2008 Ford Ironman World Championship
October 13th 2008
Lee Gruenfeld looks back on the 2008 Ford Ironman World Championship through the lens of a camera
The 2008 event wrapped up at midnight last night. The report from the field?
It was windy.
It was hot.
It was humid.
Yo, dude [as this year's youngest competitor might have put it]. It's freakin' Kona. It's the world's toughest endurance event. It's supposed to be, like, windy, hot and humid! You think bragging rights come from coasting downhill on a Barcalounger for seventeen hours? Chrissie Wellington's gigawatt smile didn't come from winning a pinochle game. You want calm, cool and dry, go race in Brooklyn.
Others have already written the thousands of words of which a few pictures are worth, so here are some pictures.
Things might look really chaotic in the bike staging area at 5:00 am, but in fact they're actually really chaotic.
Navy cruiser USS Lake Erie, a Ticonderoga-class guided-missile cruiser named for the decisive USN victory in the Battle of Lake Erie during the War of 1812.
Swim-to-bike transition bags
Staging areas for wheelchairs and handcycles
There are many ways to show support. Sally Crawford's (W60-64) posse is bedecked with her bib.
And this...I have no idea.
Missy LeStrange, Cherie Gruenfeld & Donna Key-Ness:
Among them, thirty age group wins in Kona.
Swimmers making their way to the water.
Notice how happy and serene everyone looks?
Heck of a place to drop a contact lens.
Someone remembered that this is supposed to be fun:
Veteran competitor Tiare Lund, 63, of New Zealand.
Seventy-year old many-time age group winner Rich Clark of Tiburon, CA
Bill "Irongent" Bell presides over the pre-race festivities.
Mary Ann & Bob Blais, parents of ALS "trailblaiser" Jon Blais
WTC kahuna Ben Fertic and Mike "Voice of Ironman" Reilly
Staying off your feet is good race strategy.
No, it's not a bad dream. You're really doing Ironman.
After thirty years of refinement, they're close to figuring out how to keep everyone behind the start line.
"No, no...I meant move to your other left!"
The first three out of the water.
Not easy looking graceful after 2.4-miles of hard swimming.
Powering up Palani.
Frank Huppmann of Germany in green, with Jame Hecsko of Manhattan Beach, CA, sticking close.
Out on the Queen K approaching Waikoloa Village Road.
Cyclists were treated to a tailwind on the way up.
Coming back? A different story entirely.
That's 61-year old David Asp of Red Wing, MN, up front.
Scott Powell, 40, of Dallas, TX, making the turnaround at Hawi.
Michaela Fuchs, 41, of Austria, back on the Queen K on the return from Hawi. Why is she smiling? Probably still wondering about that sign she saw while passing through Kawaihae (next photo).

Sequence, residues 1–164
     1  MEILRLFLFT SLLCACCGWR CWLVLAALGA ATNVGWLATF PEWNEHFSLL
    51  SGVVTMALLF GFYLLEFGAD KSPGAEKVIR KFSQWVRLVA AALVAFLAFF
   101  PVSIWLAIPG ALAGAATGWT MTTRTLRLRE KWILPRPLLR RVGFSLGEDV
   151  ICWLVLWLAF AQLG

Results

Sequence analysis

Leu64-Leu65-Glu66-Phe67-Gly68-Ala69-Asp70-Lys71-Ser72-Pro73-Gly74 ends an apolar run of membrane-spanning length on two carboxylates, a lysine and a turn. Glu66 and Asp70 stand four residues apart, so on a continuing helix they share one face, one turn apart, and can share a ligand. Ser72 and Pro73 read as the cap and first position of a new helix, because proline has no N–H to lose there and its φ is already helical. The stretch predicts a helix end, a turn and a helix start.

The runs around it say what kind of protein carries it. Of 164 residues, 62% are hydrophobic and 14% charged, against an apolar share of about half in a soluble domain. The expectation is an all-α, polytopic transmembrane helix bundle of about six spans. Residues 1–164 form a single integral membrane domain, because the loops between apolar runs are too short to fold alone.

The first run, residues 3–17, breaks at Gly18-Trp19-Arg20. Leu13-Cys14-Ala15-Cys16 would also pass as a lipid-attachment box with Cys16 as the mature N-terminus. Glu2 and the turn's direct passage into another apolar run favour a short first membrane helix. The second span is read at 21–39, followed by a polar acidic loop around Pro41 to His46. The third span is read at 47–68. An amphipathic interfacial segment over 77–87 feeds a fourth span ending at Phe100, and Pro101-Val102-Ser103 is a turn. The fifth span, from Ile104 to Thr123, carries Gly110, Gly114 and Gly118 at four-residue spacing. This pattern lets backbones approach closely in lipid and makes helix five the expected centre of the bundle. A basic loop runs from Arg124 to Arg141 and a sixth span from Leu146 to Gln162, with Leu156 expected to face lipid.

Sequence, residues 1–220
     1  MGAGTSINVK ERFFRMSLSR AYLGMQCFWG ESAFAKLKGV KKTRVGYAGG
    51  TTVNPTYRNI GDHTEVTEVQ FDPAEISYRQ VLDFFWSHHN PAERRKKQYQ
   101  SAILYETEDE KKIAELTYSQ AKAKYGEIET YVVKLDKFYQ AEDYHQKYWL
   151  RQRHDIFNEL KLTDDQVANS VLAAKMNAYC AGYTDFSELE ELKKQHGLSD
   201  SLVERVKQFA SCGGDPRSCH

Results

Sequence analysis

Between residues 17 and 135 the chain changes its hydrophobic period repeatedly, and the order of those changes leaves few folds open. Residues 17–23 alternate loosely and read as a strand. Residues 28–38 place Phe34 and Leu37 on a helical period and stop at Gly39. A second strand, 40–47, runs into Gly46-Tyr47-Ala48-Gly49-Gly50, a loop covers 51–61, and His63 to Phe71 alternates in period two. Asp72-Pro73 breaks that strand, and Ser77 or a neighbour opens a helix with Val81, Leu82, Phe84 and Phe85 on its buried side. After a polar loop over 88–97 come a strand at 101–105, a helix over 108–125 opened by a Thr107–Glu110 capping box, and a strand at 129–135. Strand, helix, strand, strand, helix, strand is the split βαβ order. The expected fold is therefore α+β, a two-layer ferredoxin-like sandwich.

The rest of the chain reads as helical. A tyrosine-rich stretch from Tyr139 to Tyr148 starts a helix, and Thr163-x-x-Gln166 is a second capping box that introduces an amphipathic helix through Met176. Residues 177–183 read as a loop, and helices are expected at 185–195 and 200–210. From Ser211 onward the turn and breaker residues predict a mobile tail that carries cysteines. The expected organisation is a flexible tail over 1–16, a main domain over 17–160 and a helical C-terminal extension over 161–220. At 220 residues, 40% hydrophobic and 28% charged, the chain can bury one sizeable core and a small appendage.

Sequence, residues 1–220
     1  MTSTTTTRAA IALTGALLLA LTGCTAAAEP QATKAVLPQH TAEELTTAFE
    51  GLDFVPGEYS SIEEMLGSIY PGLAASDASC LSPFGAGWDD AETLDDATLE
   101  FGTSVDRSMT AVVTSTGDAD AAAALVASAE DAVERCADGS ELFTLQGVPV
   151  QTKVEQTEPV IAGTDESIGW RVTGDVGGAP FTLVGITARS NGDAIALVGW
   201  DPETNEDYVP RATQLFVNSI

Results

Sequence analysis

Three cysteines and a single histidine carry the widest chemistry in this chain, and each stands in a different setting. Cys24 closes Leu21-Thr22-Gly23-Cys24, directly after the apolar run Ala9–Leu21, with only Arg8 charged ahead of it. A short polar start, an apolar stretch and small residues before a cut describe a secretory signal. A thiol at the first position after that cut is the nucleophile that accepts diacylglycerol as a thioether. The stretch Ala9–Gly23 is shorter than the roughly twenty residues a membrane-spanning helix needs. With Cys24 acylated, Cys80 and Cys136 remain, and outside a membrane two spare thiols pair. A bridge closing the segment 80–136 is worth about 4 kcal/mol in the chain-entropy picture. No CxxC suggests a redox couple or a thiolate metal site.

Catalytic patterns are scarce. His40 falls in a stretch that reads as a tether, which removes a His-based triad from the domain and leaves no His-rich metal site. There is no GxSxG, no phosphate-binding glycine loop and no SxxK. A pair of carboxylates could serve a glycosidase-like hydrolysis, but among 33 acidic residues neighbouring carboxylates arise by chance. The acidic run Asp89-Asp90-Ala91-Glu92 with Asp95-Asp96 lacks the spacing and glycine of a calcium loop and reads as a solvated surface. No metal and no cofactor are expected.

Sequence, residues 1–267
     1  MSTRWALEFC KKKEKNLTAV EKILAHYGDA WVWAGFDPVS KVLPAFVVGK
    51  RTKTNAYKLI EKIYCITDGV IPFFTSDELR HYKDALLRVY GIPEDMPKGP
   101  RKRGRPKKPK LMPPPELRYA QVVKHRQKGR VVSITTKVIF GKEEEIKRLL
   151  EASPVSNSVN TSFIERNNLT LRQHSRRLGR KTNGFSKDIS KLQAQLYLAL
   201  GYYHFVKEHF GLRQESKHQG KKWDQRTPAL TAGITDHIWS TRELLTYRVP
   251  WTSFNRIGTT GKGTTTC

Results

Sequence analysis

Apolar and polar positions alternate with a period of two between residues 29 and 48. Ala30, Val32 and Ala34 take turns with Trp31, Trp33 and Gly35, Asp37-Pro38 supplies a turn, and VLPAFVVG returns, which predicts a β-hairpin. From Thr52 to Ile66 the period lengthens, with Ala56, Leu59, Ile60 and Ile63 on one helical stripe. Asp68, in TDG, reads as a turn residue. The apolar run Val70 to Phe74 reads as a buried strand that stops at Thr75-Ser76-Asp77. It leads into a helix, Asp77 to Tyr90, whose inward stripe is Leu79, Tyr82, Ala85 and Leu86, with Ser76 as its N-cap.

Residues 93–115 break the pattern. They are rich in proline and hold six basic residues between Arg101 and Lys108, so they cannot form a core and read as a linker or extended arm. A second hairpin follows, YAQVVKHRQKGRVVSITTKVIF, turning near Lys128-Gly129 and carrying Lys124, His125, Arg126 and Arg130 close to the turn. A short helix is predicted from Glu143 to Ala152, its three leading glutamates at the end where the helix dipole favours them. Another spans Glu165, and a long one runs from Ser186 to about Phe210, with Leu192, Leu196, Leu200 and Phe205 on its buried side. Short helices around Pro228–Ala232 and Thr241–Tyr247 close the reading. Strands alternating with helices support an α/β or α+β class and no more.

About eighteen miles to go.
Laurie Beers, 54, from Kailua Kona, passing the "Scenic Point."
"The mountain is so big, and my bike is so small."
The aid stations volunteers make it a little less lonely.
"Masseuse to the Stars" Doug Thralls mans the bike in/run out intersection at Palani & Kuakini. Not nuts about the music, though: Check out the ear plugs.
The old Ironman course started off the run with an uphill.
The new course starts off the run with an uphill.
Lesley Mettler of Seattle, WA, shows the way to Gerard Santamaria of Melbourne, Australia.
Seven-time overall female winner Natascha Badmann.
She made it through all of the swim, all of the bike and ten miles of the run and was thrilled, considering that doctors said she'd never toe the line at an Ironman again. They also said she couldn't swim and wouldn't be able to pedal a bike. I'm pretty sure these are the same guys who proved the bumblebees can't fly.
Craig Alexander, just over a mile from the finish line, caught in the process of changing that number on his bib to a "1"
Marie Protat, 27, of France, at Mile 7 of the run, fighting the temptation to turn left and jump into the ocean.
A whole new meaning to "kokua."
Jason Fowler of Kingston, MA, muscling his way up Palani on his way to a second place finish in the handcycle division.
They say it's hellish down in the Energy Lab.
"Dark" describes the Queen K at night like "chilly" describes Antarctica in December.
Remember those personal messages you entered at the Expo?
This is what they looked like to the athletes.
Paula Newby-Fraser once said that you spend all day hauling yourself through 140.4 miles...
...just to experience that last 0.2 on Ali'i Drive.
At the finish line.
Forty-five minutes left and several dozen athletes still within striking distance of the 17-hour midnight cutoff.
Mike Reilly's personal guarantee: Make it across that line on time and you get to hear "You are an Ironman!"
Overall winner Craig Alexander of Australia
Women's winner Chrissie Wellington of England, Competitor Magazine editor and Ironman Hall-of-Famer Bob Babbitt and Women's 60-64 winner Cherie Gruenfeld.
A splendid time was had by all!